Source: Department of Nutrition, School of Public Health, Loma Linda University, CA 92350, USA. more here
BACKGROUND: Frequent consumption of nuts may lower the risk of cardiovascular disease by favorably altering serum lipid and lipoprotein concentrations.
OBJECTIVE: We compared the effects of 2 amounts of almond intake with those of a National Cholesterol Education Program Step I diet on serum lipids, lipoproteins, apolipoproteins, and glucose in healthy and mildly hypercholesterolemic adults.
DESIGN: In a randomized crossover design, 25 healthy subjects (14 men, 11 women) with a mean (+/- SD) age of 41 +/- 13 y were fed 3 isoenergetic diets for 4 wk each after being fed a 2-wk run-in diet (containing 34% of energy from fat). The experimental diets included a Step I diet, a low-almond diet, and a high-almond diet, in which almonds contributed 0%, 10%, and 20% of total energy, respectively.
RESULTS: Inverse relations were observed between the percentage of energy in the diet from almonds and the subject’s total cholesterol (P value for trend < 0.001), LDL-cholesterol (P < 0.001), and apolipoprotein B (P < 0.001) concentrations and the ratios of LDL to HDL cholesterol (P < 0.001) and of apolipoprotein B to apolipoprotein A (P < 0.001). Compared with the Step I diet, the high-almond diet reduced total cholesterol (0.24 mmol/L or 4.4%; P = 0.001), LDL cholesterol (0.26 mmol/L or 7.0%; P < 0.001), and apolipoprotein B (6.6 mg/dL or 6.6%; P < 0.001); increased HDL cholesterol (0.02 mmol/L or 1.7%; P = 0.08); and decreased the ratio of LDL to HDL cholesterol (8.8%; P < 0.001).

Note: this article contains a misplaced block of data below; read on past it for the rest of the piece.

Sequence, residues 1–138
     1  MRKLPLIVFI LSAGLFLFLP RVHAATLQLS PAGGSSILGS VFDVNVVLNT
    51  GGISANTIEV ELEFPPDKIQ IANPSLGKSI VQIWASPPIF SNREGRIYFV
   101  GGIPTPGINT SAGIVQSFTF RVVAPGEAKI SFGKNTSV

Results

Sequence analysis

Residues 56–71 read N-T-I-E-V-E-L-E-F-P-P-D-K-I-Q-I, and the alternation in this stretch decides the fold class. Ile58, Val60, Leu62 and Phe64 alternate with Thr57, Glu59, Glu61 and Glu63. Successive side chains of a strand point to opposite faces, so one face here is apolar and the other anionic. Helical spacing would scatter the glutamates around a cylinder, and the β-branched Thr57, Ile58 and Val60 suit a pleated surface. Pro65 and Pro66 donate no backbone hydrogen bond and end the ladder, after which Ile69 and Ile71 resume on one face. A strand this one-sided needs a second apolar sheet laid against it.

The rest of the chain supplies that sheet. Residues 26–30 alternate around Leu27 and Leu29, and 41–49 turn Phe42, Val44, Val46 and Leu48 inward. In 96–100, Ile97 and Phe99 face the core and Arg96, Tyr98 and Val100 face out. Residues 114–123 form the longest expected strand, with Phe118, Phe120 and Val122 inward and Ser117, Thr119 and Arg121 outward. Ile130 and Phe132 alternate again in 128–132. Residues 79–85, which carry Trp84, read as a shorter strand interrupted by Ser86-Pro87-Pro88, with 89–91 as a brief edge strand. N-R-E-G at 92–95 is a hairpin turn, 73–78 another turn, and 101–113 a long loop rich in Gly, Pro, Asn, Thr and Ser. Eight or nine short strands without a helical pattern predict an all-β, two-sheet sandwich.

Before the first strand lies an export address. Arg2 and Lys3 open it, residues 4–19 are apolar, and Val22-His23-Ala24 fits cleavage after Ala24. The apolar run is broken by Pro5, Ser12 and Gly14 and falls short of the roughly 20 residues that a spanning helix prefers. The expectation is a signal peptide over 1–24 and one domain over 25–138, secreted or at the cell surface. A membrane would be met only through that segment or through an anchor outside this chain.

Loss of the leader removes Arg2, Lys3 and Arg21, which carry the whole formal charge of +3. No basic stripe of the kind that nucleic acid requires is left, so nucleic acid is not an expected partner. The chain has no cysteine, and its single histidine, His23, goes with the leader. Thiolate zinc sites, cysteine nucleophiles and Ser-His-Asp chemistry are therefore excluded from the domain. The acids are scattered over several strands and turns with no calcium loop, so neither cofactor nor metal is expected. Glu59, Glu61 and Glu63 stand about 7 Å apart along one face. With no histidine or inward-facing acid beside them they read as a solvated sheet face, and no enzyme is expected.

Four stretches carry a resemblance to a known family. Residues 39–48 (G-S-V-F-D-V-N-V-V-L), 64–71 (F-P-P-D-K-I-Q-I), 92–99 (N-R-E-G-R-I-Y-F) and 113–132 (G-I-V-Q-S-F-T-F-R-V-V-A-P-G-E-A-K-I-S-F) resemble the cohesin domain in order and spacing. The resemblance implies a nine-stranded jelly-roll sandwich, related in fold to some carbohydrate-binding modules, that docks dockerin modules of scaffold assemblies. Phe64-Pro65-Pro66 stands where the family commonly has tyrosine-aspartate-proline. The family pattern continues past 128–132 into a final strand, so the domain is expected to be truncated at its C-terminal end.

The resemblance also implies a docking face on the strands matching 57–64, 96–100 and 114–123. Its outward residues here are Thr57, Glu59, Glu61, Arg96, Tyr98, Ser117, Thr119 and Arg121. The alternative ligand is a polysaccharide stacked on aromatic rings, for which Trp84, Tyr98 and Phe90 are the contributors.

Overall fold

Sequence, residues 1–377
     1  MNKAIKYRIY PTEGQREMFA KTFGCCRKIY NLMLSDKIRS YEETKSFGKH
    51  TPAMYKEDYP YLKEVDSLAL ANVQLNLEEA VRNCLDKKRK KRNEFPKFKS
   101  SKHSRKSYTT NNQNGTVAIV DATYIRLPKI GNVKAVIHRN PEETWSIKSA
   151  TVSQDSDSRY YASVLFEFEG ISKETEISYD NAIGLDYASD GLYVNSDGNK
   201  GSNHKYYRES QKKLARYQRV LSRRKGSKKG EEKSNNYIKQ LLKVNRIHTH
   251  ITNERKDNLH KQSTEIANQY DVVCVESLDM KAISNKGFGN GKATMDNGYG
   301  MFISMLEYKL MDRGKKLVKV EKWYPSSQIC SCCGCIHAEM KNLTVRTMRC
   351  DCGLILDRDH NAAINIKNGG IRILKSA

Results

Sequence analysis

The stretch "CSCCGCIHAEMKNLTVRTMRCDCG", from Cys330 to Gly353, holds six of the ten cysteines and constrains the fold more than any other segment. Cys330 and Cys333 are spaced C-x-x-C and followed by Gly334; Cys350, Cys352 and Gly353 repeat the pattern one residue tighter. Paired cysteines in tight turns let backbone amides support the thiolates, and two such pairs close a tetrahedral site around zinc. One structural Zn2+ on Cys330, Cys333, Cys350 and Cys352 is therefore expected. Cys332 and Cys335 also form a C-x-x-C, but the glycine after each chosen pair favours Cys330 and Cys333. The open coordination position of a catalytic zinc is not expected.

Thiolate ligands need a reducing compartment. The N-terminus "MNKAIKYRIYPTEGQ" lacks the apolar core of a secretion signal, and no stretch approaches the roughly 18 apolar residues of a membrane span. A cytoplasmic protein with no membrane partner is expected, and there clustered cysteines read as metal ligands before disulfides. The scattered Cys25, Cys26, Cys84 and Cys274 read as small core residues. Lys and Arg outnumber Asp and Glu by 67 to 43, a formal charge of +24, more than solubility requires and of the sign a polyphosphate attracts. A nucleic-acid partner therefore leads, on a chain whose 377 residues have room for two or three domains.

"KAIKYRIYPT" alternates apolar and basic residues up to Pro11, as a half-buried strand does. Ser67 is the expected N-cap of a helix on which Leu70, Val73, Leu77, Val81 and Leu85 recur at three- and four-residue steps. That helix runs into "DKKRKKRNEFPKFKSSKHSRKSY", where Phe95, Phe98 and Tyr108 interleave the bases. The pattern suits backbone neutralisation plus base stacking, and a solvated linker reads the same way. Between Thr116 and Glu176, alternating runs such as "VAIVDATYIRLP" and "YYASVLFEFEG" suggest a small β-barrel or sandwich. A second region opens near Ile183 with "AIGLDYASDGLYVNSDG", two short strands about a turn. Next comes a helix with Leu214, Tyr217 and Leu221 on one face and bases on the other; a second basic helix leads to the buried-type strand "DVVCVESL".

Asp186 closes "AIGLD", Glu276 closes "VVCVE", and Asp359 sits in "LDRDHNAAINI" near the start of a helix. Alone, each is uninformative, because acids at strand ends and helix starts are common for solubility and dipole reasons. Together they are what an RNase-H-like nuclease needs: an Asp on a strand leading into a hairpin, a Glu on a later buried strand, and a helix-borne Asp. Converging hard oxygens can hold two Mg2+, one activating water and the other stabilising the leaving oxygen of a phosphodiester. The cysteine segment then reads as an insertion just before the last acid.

CONCLUSIONS: Isoenergetic incorporation of approximately 68 g of almonds (20% of energy) into an 8368-kJ (2000-kcal) Step I diet markedly improved the serum lipid profile of healthy and mildly hypercholesterolemic adults. Total and LDL-cholesterol concentrations declined with progressively higher intakes of almonds, which suggests a dose-response relation.